Tonight, as hundreds of Catholics in Bihar at home and elsewhere, watch Archbishop William D’Souza SJ perform the traditional ritual dedication of the Pascal candle on their TVs, laptops or mobile phones, via the Newsnet YouTube channel, they will be bound together in celebration and worship.
Behind this effort is a three member team, one a Catholic, one a Hindu, and one a Muslim. For four days, Ram Kumar and Syed Haque have been under lockdown in the sprawling Patna Women’s College Campus, sorting out the technicalities and getting the job done.
The three of us juggle responsibilities, there are two cameras, vision and audio mixing, lights, sound, camera and streaming equipment to handle. Working out the logistics in a small chapel, with the control room being in a tiny sacristy, doing the work of six people: light man, audio engineer, camera persons, vision mixer , and stream watcher and trying to maintain covid-19 safety protocols simultaneously isn’t all that simple.
For Ram and Syed, with no experience of the intricacies of worship during the Holy Week, it has been a surreal experience. To manage live coordination with no talkback facility in an environment where the minimal movement must be there on the chapel ‘floor’ so that the sanctity of the Mass is maintained, isn’t easy.
The convent chapel is also a place for quiet reflection, and as every Catholic knows, religious orders have their own rules of silence and meditation during Maundy Thursday and specially Good Friday. Visual Media personnel setting up an electronic field production event are used to bustling about, calling out orders, and even using the occasional expletive once in a while when a wire snaps or a connection goes awry.
Now the three of us literally had to walk on tiptoe, whisper, and bite our tongues hard when we wanted to curse, when the whole building is as silent as the tomb, even a normal conversation would echo throughout the building. And, let me tell you, when Syed, suddenly sniggered over something, he was paralyzed with cold fear when he encountered the stern stare of a disapproving elderly nun who was meditating at the back of the chapel!
The greatest challenge came on Good Friday. The liturgical team thought it would be a good idea to show some clippings from the film ‘Passion of the Christ ‘ during the Way of the Cross. One of the tech team members was a little bit apprehensive about the YouTube guidelines. The head of the liturgical team said that since there were already so many versions of meditation on Christ’s passion using clips from the film already on YouTube, Passion of the Christ it was possible that we would have no problems.
LIVE STREAM REMOVED
Now I was in the chapel, synchronizing the visuals from my laptop which were being projected on the wall beside the altar. Everything seems to be going fine. Meanwhile in the sacristy, Syed, who is doing the double job of vision mixing and stream monitoring sees that the stream has been pulled off the air and deleted because of a copyright issue : the clip from Passion of the Christ!
Syed saw the problem. He was in the sacristy. He couldn’t call out or anything. The Way of the Cross was in progress. Father Shekhar who was monitoring the stream on his mobile phone, frantically signaled. Ram had left his camera (which was locked on the visuals on the wall) and went to the control room, hastily making another stream. In the meanwhile I left my place at the projector and pointed camera two at the tabernacle, then rushed to the ‘control room’ and switched the visual. In the meanwhile my cell phone is going berserk with scores of messages. I quickly manage to resend the links to the new stream over whatsapp. The way of the Cross continues in the Chapel, the visual on the stream is of the tabernacle. I get back to my post at the laptop and projector. A minute later, Fr Shekhar taps me. The live chat on the stream hadn’t been disabled. Messages were popping up. There was nothing that could be done. We had to wait till the Way of the Cross was over.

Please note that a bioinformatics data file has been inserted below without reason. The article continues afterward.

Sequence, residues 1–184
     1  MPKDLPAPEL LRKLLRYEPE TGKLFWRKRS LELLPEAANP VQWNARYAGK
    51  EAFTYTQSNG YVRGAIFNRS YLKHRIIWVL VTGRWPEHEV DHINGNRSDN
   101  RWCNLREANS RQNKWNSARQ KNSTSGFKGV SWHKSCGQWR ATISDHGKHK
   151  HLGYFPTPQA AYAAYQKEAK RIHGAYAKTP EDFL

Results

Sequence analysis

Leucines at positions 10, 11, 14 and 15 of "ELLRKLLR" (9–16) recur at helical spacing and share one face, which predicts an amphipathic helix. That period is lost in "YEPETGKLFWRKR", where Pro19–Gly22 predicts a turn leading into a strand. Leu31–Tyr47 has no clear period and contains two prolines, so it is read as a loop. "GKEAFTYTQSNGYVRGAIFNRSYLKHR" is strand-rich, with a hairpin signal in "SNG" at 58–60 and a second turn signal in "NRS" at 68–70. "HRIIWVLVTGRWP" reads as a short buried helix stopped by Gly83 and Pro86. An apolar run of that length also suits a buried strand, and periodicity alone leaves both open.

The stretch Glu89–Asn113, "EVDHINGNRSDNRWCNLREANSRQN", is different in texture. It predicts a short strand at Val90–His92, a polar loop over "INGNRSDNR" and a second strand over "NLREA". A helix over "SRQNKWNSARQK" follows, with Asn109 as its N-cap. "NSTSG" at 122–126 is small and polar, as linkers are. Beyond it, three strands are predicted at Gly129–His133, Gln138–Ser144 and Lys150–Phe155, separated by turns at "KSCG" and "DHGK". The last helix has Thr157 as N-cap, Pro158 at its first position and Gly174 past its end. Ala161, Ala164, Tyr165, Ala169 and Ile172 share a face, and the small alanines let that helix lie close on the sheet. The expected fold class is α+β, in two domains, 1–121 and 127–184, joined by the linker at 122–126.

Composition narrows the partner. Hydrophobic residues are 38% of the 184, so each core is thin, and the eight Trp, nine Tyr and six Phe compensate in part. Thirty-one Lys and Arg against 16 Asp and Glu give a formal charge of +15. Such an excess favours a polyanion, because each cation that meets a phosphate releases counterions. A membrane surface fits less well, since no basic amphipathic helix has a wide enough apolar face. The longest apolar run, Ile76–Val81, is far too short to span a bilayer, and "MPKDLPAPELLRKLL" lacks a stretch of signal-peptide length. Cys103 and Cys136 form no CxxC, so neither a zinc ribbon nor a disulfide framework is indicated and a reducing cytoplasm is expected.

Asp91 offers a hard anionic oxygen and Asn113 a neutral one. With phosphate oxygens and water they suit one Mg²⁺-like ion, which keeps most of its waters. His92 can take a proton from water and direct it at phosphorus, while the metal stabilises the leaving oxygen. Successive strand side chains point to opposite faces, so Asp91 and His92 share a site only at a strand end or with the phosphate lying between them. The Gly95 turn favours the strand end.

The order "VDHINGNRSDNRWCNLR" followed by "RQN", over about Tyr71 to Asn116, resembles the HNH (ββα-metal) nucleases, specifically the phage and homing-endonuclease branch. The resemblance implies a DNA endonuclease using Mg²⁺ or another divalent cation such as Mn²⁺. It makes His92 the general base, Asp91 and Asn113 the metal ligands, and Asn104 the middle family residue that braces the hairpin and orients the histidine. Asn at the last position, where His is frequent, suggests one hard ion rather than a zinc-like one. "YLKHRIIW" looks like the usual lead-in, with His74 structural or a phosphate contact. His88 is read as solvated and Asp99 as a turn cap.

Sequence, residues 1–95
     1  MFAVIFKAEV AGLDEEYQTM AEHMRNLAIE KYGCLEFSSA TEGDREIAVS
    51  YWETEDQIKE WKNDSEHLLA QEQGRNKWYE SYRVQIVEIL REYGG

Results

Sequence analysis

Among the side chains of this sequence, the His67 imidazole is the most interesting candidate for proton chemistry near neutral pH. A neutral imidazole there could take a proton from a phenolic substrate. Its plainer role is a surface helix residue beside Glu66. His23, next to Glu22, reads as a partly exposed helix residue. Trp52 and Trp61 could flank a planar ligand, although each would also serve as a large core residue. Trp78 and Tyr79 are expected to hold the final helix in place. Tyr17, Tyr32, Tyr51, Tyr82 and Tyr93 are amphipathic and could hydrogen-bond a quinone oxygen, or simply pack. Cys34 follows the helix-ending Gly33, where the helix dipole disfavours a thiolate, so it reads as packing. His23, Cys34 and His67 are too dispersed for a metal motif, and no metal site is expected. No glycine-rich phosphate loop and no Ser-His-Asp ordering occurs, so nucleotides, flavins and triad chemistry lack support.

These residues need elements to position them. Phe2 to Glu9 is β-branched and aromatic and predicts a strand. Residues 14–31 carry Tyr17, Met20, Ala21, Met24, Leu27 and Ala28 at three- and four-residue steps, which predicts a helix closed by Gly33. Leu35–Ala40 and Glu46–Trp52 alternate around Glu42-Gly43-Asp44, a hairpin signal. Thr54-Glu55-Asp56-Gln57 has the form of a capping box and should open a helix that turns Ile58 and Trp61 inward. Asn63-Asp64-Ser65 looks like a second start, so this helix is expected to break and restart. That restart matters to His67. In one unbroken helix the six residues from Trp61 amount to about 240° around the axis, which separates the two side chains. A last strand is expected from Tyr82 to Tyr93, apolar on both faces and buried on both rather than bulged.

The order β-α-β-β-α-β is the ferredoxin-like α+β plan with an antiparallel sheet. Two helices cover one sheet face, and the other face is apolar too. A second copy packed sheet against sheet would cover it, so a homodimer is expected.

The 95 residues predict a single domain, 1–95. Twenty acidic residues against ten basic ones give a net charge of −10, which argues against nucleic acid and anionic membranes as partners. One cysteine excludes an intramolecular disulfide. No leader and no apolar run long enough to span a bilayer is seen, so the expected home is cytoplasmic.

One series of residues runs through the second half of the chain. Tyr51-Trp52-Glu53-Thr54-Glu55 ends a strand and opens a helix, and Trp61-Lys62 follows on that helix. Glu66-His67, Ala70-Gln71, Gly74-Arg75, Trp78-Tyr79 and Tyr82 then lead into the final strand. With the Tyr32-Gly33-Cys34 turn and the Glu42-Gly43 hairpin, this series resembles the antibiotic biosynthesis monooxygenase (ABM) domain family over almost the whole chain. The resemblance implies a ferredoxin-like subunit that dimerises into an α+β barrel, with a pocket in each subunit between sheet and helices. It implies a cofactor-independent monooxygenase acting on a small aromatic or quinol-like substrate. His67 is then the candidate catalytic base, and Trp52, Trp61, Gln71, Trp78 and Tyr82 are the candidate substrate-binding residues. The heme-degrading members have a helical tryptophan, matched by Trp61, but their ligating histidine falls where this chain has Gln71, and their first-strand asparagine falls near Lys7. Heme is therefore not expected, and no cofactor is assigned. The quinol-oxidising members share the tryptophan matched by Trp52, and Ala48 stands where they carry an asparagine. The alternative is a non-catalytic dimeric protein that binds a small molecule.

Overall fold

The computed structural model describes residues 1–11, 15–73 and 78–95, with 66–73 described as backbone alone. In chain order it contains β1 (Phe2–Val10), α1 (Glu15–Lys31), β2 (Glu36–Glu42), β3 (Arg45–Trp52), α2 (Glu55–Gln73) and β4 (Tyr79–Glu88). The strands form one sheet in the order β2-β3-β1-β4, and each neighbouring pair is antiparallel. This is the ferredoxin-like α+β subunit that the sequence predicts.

FAST WORK, QUICK PRAYER!
While the Archbishop was being vested. Cameras and microphones had to be repositioned. In the meanwhile, I had to create a new stream for the mass, ensuring that the live chat facility was disabled. As though this wasn’t a challenge enough, the streaming equipment starts behaving strangely. I want to scream, but can’t. I’m in the sacristy, Mass is in progress. Hymns are being sung. I mutter to the Man Upstairs, “Look here, it’s your people, it’s your show, so you better do something!” A tense 40 seconds later, the livestream kicks in, the broadband router is delivering correct speed, and we’re live once again.
It’s time for the gospel reading. Positions have to be changed, I head back to take over from Syed, the switcher. He goes out to take over Camera one. Only I can operate the switcher for the gospel, because the Archbishop speaks the words of Christ, The Vicar General is the narrator and the Archbishop’s Secretary reads the words of all the other characters and the crowd. Of the three, I’m the only one familiar with the gospel so I can switch the cameras on time and not miss the words of Christ which are very limited.
Once the gospel is over, we again reverse positions, I become camera person and production manager, while Ram is cameraperson cum audio technican, and Syed is back to vision mixing and stream management.
As we prepare for the Easter Vigil, we will now be trying to use the limited resources to bring optimum lighting, sound and visual to make your Easter Night a joyous and prayerful experience. When you turn on your TVs , Computers and mobile phones tonight, please send up a prayer for Ram and Syed, who have left the safety of their houses and families to make our Journey of faith possible.